The family of a Brooklyn woman who seems to have died in police custody in Staten Island has filed court papers indicating they plan to sue the city, as well as possibly the Triborough Bridge and Tunnel Authority, and two borough hospitals who attended to her in her final hours.
The day of her death, the NYPD told reporters that officers found Nicole Garbellotto, 34, unconscious in a car at the Verrazano-Narrows Bridge toll plaza on the evening of December 7th. From there, officials said that FDNY emergency medical personnel administered the anti-opiate-overdose drug naloxone and transported her to Staten Island University Hospital North, and that after she was treated there, officers arrested her for driving while impaired. They found her unconscious, or possibly dead in her cell the following day, according to initial accounts.
"I wouldn’t wish this on any parent," Garbellotto’s mother Donna Rosa told the Daily News. "I just want to know what happened to my daughter. I have been unable to sleep and I need some justice."
The court filings, made Thursday in Manhattan Supreme Court, demand that the NYPD, the Bridge and Tunnel Authority, the University Hospital, and Richmond University Medical Center, which issued the death certificate, turn over names of employees who were working at the time, and preserve all records related to the incident.
Contemporaneous police accounts in the news differed from publication to publication. Some police officials omitted mention of naloxone treatment, and officials claimed times between 4:30 and 5 a.m. as, variously, the point that Garbellotto was first taken into custody; the time that she was released from the hospital; or the time that she was found unconscious, or dead, in her cell. Doctors at Richmond University Medical Center recorded Garbellotto's time of death as 2:03 p.m. on December 8th, according to the family's lawyer, David Rankin.
"The reporting is all over the place," Rankin said of the initial articles. "Presumably that’s because [the NYPD's] story was all over the place."
Rankin said that Garbellotto was in a long-term relationship and hoped to get married. She had worked in retail, he said, but was unemployed at the time of her death. Her family was aware that she struggled with substance abuse, Rankin said, but he stressed that it's still not clear how she died, or what happened in the as many as 20 hours between her initial contact with law enforcement officers and her death. Police told the Daily News before the filings that officers found no drugs on her, and used no force against her.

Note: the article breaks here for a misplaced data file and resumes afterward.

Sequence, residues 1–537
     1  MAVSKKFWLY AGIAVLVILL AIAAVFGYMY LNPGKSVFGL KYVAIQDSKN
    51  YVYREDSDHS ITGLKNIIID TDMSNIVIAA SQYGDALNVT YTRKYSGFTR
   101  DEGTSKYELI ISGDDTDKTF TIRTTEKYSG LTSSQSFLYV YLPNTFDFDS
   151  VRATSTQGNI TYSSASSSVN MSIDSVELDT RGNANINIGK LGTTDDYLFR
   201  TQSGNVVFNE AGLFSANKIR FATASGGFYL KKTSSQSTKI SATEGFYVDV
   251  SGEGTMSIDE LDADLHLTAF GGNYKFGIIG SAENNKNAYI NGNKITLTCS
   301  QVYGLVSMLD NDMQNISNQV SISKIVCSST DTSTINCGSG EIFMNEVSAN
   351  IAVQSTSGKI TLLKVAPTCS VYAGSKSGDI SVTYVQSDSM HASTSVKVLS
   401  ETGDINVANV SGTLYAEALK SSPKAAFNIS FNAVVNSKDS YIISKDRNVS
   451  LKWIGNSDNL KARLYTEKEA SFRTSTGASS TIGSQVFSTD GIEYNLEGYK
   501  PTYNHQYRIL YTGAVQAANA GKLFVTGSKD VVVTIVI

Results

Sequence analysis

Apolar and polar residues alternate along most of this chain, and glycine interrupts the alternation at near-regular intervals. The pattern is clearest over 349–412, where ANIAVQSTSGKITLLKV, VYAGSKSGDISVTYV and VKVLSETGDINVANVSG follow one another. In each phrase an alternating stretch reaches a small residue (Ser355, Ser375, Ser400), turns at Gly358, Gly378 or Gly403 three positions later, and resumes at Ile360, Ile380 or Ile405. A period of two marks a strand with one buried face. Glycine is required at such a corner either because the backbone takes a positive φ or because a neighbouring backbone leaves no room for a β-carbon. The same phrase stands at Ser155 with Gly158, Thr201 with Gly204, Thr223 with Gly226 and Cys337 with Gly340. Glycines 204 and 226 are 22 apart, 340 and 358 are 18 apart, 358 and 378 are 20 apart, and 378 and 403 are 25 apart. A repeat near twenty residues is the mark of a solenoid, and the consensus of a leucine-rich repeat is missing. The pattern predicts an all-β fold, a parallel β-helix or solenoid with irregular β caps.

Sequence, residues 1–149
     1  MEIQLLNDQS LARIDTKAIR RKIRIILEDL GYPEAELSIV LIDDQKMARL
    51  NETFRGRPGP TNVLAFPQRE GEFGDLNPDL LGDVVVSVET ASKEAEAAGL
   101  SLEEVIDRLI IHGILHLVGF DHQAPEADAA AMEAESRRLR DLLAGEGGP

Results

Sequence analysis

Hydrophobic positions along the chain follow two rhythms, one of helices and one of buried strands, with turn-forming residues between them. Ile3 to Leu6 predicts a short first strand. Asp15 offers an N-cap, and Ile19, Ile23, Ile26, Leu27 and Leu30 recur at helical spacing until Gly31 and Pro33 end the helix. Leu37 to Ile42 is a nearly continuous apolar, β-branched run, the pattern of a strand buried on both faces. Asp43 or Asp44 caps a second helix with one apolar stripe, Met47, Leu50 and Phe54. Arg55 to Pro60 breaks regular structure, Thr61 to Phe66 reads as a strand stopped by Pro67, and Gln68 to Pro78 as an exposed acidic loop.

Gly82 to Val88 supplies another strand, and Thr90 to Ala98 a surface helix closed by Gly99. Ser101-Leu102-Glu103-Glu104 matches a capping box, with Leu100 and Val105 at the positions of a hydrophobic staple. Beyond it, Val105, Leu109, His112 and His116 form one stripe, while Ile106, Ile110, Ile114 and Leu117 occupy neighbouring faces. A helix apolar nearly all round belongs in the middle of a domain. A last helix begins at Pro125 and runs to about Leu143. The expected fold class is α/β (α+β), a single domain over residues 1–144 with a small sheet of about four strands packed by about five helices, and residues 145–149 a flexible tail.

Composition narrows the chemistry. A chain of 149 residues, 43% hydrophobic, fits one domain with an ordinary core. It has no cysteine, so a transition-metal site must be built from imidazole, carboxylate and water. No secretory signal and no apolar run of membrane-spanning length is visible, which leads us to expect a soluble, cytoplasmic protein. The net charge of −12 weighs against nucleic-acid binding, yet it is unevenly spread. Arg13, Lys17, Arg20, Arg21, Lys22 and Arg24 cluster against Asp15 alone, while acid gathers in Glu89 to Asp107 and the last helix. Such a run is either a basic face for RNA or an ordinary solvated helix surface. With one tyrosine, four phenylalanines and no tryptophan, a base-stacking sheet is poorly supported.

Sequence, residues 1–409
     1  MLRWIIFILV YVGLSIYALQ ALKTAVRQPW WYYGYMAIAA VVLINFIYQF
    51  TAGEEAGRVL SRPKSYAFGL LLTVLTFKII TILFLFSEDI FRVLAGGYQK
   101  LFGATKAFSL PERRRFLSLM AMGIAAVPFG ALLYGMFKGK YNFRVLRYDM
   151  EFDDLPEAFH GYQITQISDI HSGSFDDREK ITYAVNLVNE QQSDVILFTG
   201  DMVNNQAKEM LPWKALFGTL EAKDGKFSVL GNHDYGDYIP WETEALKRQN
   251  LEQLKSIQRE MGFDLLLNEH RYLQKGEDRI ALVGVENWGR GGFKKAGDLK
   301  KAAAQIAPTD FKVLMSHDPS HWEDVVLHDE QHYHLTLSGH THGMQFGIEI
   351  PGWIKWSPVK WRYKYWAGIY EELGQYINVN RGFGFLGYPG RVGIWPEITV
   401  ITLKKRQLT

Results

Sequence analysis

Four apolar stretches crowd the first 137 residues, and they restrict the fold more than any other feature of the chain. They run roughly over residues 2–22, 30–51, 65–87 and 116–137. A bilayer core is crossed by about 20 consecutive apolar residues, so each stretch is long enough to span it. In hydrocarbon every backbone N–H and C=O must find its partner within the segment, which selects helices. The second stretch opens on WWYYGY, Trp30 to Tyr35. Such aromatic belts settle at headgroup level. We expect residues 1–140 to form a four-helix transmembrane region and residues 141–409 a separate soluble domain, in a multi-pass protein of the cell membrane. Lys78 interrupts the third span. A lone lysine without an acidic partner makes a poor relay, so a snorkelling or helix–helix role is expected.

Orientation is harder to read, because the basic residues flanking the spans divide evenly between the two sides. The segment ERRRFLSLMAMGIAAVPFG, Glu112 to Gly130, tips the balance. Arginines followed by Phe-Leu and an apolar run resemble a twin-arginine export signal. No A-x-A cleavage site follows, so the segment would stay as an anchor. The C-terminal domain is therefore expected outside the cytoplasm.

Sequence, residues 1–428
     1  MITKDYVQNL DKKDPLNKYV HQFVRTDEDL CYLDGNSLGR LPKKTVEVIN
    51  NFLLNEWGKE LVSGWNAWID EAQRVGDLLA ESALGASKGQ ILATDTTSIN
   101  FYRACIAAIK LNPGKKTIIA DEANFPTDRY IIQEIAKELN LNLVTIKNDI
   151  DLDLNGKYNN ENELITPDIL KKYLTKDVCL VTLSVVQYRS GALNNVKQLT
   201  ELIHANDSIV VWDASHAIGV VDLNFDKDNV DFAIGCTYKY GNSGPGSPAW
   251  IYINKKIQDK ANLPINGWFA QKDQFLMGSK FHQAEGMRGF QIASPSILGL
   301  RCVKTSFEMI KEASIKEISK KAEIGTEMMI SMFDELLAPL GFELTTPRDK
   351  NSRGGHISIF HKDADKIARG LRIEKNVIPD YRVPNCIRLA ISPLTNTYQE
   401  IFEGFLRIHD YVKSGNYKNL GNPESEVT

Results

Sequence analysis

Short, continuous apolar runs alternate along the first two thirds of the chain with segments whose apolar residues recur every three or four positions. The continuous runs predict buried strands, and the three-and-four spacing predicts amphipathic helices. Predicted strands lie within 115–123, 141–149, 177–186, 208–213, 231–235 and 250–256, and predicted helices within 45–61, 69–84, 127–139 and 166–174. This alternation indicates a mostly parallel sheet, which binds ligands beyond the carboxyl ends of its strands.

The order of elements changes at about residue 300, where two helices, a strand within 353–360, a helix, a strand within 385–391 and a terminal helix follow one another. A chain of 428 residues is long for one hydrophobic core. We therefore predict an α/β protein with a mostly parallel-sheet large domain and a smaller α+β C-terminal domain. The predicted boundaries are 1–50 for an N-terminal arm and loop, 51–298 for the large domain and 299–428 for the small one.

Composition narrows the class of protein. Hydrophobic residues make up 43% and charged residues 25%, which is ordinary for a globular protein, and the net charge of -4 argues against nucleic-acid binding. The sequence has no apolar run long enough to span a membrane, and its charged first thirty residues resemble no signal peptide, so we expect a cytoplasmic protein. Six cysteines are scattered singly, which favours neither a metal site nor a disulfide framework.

The two court filings are the likely first step towards a lawsuit, and are meant to help flesh out who to subpoena and name in such a suit, as well as to keep the police and hospitals from destroying potential evidence.
Rankin explained the heart of the issues by saying, "Once the police take somebody into custody, they’re responsible for them. If a hospital releases somebody that has a medical condition of any sort that is potentially fatal, that’s a problem for the hospital. The police have a responsibility, once they put somebody in a cage, to monitor them and make sure that they’re safe."
He added, "You should be able to be arrested in New York City safely. She was charged with a crime—she was going to have to answer for those crimes—but it shouldn’t have been a death sentence. It was a misdemeanor."
In 2013, two prisoners died in custody at the 120th Precinct station house within six weeks of each other. One, Irving Mizell, was beaten and dragged down several flights of stairs during his arrest, according to a federal lawsuit brought by his family. The other, Charles Kohm, hung himself with a belt left by an earlier prisoner after being arrested for trespassing, according to the Staten Island Advance.
Staten Island has been ravaged by an epidemic of opioid abuse in recent years.
An FDNY spokesman confirmed that responders arrived at the bridge at 5:33 p.m. on December 7th after a call about an unconscious person, and transported the patient to Staten Island University Hospital in serious condition, but did not have information regarding the possible use of naloxone. The Law Department and MTA declined to comment, citing the pending litigation.